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Before I started rapping I wasn't really into music like that. Maybe Michael Jackson or Bob Marley—my father used to make me listen to Bob Marley, Marvin Gaye. Other than that, the things I was listening to on my own was just Michael Jackson; he was the biggest thing when I was a kid. Hell yeah. —As told to Emmanuel C.M.

Prodigy Mobb Deep


Everything—Big Moe, Swishahouse, Paul Wall, Slim Thug, Chamillionaire, Madonna, Brooks And Dunn, Garth Brooks, Billy Idol... —As told to Emmanuel C.M.

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Definitely hip-hop. Of course I was a big Run-DMC fan, Big Daddy Kane, Kool G Rap. But then at the same time I was a big R&B fan, too. I was big on Michael Jackson, big on Cheryl Lynn, "Got To Be Real," and everything. Just R&B music, too, was like my hip-hop as well. We got a mixture of all of that, from Color Me Badd to all different kinds of records back in the '90s. Even the Mary J. Blige's, the Jodeci's—I guess it came in the '90s—but back then it was the R&B that was poppin'. That's what I was paying attention to more. The Keith Sweat's, even though Keith Sweat was a singer about love and baby-making music or whatever, it still was my hip-hop. We definitely had a colorful list, though, and it goes back even to Marvin Gaye. —As told to Dan Rys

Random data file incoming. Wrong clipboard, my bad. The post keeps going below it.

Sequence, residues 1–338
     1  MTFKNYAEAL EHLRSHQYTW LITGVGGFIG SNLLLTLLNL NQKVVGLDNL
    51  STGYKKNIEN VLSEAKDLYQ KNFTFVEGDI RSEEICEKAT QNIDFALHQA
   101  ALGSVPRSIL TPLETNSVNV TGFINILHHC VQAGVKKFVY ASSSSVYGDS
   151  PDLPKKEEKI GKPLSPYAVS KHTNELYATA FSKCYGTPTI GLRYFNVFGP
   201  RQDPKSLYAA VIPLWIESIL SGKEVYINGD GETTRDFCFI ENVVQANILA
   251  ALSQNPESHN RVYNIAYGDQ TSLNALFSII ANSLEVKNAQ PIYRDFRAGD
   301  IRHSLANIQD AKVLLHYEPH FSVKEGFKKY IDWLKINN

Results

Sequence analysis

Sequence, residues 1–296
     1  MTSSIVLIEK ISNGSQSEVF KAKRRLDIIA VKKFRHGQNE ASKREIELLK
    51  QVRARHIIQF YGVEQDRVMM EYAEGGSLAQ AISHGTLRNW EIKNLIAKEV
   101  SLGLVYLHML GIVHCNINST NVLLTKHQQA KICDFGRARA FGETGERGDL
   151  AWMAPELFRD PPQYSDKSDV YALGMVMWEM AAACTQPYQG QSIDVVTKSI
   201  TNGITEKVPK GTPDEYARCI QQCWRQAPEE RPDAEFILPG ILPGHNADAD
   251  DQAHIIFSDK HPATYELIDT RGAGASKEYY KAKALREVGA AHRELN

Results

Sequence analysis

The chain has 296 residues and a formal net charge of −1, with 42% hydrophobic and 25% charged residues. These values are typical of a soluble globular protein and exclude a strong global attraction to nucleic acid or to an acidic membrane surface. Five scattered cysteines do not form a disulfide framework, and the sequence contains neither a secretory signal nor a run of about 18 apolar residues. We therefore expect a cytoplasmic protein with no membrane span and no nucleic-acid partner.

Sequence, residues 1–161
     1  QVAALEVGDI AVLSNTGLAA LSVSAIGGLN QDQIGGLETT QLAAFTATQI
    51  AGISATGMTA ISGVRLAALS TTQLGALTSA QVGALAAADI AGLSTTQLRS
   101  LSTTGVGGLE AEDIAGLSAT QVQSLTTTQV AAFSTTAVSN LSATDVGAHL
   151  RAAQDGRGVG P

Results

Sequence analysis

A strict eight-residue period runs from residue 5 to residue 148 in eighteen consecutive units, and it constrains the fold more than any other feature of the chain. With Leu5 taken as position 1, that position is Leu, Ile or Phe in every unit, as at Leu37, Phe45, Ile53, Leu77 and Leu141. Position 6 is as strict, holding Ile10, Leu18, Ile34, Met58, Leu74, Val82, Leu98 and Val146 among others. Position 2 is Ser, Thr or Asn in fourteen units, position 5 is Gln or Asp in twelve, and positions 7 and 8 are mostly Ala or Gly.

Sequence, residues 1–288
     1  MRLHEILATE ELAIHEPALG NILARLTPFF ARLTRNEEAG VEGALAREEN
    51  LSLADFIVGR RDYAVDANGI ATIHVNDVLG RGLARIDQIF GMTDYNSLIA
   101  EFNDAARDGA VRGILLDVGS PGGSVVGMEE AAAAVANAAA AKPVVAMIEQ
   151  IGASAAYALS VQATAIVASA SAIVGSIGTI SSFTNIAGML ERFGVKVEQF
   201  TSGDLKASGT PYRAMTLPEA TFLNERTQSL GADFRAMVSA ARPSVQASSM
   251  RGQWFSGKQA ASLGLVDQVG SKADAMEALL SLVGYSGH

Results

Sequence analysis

Eminem. Honestly, I hate to say it like this but it was just a white boy rapping how he was rapping. Going crazy like he was going crazy. It was dope how he was putting the words together and how he made every word rhyme. He just told a story about himself whether it was a positive story or a negative story. —As told to Miranda Johnson



Biggie, Ready To Die. Everything Jay Z—a whole lot of Jay Z. The Fugees' The Score, Mary J. Blige's What's The 4-1-1?. Mos Def and Talib Kweli, Black Star. Michael Jackson was on my playlist when I was real, real young; like a lot of kids I was a huge Michael Jackson fan. Luther Vandross, 'cause my dad brainwashed me—but I've come to really appreciate it, his voice is amazing. Tina Turner; every family function my mom does Tina Turner. [Laughs] So I've come to love Tina Turner, her and Patti LaBelle. But those are just some things; it was definitely a lot of hip-hop, especially a lot of New York hip-hop. I'm still mad I can't do the moonwalk. [Laughs] I tried in the kitchen with my socks on, and I can't. —As told to Dan Rys